Georgia Beasley, MD Receives the SSO Young Investigator Award

Share on facebook
Share on twitter
Share on linkedin

Georgia Beasley, MDThe SSO Young Investigator Award in surgical oncology promotes and recognizes translational or clinical research that advances innovative ideas and concepts designed to improve health outcomes through advances in the delivery of cancer-related care. The 2019 recipient, Georgia Beasley, MD, Duke University, received the Award for her research topic, “Comprehensive Immunologic Profiling of the Sentinel Node to Optimize Care for Patients with Melanoma.” SSO spoke with Dr. Beasley about her research and this award.

Q. Please describe your research hypothesis.

A. My research hypothesis is based on a few different concepts. First, a very common surgery that most melanoma surgeons do is sentinel lymph node biopsy. As I’ve been doing these procedures, I was thinking that we could learn a lot more from looking at these lymph nodes rather than if there is a tumor or not and that there is an opportunity for discovery using these lymph nodes. Secondly, we also now have an approved adjuvant therapy for patients who have tumor in their lymph nodes, although it is not entirely clear who should receive adjuvant therapy. Finally, since there are a lot people looking at metastatic disease and how that interplays with the immune system, I decided to take a unique approach by looking at earlier stage disease and one where I have access to the tissue. I also work with an immunologist and we were talking about what we could learn from the lymph nodes. And so, my hypothesis is, “Could we use the results of the lymph nodes to help us stratify who should get adjuvant therapy, as well as what else we can learn beyond just tumor in node?”

We decided to do gene expression using nanostring technology. This is a new way to do gene expression, which does not require PRC amplification and it can be done quite efficiently and effectively on paraffin tissue. Since we have all types of stored tissue, we went back and pulled several sentinel node positive and negative slides and ran the gene expression. We looked at immune-related genes and while it is a very small group, we found some interesting differences between patients that had tumor in their lymph nodes and those who did not. Independent of tumor status, we found genes that were highly differentially expressed between patients who went on to do poorly or went on to do well and that was independent of if there was tumor there or not.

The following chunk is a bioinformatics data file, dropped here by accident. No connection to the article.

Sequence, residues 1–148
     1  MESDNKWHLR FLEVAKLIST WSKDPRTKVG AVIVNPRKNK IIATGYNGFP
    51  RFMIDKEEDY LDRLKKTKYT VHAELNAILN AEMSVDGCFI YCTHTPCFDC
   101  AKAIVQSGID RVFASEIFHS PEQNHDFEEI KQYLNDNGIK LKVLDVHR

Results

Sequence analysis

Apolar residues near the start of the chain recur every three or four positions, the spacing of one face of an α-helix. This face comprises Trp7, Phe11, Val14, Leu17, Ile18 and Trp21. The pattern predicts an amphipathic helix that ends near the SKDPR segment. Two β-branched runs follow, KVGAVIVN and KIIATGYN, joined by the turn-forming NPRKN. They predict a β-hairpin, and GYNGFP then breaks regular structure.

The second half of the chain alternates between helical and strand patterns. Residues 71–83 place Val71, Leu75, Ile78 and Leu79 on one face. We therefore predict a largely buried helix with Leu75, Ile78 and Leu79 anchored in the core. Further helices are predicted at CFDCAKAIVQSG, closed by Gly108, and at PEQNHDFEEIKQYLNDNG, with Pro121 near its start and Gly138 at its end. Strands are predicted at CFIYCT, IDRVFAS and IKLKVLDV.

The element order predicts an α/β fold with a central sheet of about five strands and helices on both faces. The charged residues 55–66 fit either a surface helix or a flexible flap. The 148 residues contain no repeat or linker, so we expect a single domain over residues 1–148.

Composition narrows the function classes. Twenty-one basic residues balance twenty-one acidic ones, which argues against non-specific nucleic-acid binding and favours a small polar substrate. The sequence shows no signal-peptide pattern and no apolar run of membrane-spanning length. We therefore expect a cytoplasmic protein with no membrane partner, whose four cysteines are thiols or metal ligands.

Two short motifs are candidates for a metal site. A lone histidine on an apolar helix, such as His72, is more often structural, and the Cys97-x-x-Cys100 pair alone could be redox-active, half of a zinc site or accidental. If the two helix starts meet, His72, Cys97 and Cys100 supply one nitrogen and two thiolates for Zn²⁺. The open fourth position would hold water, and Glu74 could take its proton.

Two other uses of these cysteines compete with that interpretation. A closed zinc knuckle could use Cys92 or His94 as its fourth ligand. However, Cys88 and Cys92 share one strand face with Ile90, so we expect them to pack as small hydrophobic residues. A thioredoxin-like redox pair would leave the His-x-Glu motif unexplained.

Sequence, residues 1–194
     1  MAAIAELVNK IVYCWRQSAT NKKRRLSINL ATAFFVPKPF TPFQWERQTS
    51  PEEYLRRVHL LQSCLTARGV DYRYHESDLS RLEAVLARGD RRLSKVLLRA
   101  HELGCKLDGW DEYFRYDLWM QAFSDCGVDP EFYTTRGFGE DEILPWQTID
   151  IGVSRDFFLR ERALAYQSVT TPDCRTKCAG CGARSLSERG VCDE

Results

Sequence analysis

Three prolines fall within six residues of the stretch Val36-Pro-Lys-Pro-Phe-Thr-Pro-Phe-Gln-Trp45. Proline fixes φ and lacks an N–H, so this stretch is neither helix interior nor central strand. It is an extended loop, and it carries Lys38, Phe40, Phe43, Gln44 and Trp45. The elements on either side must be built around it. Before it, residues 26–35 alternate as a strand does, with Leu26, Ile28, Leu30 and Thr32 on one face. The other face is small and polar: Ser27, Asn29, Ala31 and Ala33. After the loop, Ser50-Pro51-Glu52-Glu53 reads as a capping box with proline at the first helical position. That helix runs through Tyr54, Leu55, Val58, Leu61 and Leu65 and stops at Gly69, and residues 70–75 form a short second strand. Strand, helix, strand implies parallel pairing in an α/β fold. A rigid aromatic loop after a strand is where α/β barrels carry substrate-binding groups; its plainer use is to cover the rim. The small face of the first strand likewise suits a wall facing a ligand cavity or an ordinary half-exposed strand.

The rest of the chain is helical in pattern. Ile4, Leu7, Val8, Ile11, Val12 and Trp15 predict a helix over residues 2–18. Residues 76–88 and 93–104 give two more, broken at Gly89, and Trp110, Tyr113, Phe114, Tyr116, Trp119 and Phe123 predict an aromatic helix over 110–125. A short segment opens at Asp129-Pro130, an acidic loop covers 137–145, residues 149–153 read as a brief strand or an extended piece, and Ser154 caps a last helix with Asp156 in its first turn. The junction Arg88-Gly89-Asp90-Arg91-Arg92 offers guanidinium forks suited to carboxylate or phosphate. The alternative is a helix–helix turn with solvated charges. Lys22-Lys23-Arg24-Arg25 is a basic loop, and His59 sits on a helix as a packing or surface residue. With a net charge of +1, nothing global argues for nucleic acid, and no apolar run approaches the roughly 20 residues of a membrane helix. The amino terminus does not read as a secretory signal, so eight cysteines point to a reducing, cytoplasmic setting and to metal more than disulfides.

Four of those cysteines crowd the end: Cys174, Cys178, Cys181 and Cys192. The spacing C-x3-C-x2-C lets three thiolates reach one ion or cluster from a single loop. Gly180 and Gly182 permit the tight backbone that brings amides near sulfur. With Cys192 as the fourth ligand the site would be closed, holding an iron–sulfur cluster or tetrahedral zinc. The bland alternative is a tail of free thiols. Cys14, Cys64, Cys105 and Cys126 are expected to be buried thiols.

To validate these findings, we needed to run more tissue samples and this proposal will help facilitate additional processing. The second phase is about not just doing whole gene analysis on the slide. There is a new technology available called digital spatial profiling where you can examine regions of interest on the slide and only do the protein expression for that area. I’m really interested in looking at the spatial distribution of the immune cells and how they may be different in a lymphoid with cancer and without. For instance, we think B-cells that are present may be contributing to an immune tolerized environment and so the immune signaling going on may be different when B-cells may be in close proximity to the tumor. That is just one example, but there are other types of immune cells in the lymph node and we will be able to conduct an analysis based on the basis of cell type.

Q. What research leading up to the development of your proposal has influenced your study?

A. A lot of people have done different types of research where they have selected one or two genes or signaling pathways to examine in the lymph nodes. I also collaborate with people here at Duke who use digital spatial profiling and nanostring technology related to their own projects. As I listened to them talk about their work, I thought about how I could use this in my project. I was also influenced by research happening here in breast cancer and I thought I could apply it to my own research hypothesis.

Q. What do you plan to do with the with the data and are you able to think about the next step and what you might learn?

A. The technology is very expensive and the YIA will cover 5 – 10 samples. I’m hoping that we demonstrate feasibility and that we get a lot of data back. And, with the few samples that we try, we generate a significant volume of data that will allow us to receive additional funding to continue the research.

Q. How did you learn about the SSO’s YIA award?

A. I have been going to the Annual Cancer Symposium since I was a 4th year medical student and I’ve been involved with my mentorship. I received the SSO emails and within the department others would forward me information. Also, the division chief, Peter Allen, MD won the award as a young investigator and I was encouraged to apply for it by him.

I want to emphasize how grateful and thankful I am to have received this award. I’ve been mentored by many SSO members at different institutions and they are just as much a part of this – Keith Delman, MD, Jonathan Zager, MD, Douglas Tyler, MD and also John Thompson, MD from Australia who are all very interested in moving the field forward. They’ve always treated me as a colleague even though I’m just starting out.

Scroll to Top